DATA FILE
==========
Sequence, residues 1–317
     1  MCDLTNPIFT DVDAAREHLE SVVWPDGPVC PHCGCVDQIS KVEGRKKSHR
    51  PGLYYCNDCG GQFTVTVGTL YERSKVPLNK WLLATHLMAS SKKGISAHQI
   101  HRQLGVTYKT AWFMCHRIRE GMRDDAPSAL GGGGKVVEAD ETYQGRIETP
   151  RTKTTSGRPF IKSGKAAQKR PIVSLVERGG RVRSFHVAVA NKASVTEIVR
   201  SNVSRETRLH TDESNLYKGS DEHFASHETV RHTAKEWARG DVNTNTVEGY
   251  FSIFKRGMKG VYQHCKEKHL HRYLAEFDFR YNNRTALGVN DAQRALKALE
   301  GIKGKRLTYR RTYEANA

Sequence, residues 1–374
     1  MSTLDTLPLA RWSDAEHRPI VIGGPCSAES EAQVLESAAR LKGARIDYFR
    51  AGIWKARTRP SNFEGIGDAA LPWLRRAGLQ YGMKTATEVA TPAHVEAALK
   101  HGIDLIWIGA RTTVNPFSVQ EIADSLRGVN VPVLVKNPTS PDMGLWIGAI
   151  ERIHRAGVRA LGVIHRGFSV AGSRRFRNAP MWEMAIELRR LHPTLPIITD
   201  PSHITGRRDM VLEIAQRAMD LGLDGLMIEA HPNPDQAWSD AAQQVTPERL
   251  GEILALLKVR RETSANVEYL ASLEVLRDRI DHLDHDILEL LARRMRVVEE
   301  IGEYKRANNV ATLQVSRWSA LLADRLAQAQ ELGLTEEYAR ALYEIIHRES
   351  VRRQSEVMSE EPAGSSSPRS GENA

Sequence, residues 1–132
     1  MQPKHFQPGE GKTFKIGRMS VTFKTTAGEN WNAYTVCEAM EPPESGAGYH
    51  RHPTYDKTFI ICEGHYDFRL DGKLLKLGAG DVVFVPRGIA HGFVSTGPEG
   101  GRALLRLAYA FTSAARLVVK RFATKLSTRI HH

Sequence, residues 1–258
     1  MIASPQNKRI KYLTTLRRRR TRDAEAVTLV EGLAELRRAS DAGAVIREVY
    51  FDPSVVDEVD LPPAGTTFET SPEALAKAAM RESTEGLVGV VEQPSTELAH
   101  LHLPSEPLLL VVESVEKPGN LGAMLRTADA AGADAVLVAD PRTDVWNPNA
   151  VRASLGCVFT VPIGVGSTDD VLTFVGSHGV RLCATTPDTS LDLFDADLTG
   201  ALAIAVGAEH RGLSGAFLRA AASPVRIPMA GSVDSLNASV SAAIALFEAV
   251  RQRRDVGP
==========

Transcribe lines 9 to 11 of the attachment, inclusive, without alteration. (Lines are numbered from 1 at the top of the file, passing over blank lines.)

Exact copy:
Sequence, residues 1–374
     1  MSTLDTLPLA RWSDAEHRPI VIGGPCSAES EAQVLESAAR LKGARIDYFR
    51  AGIWKARTRP SNFEGIGDAA LPWLRRAGLQ YGMKTATEVA TPAHVEAALK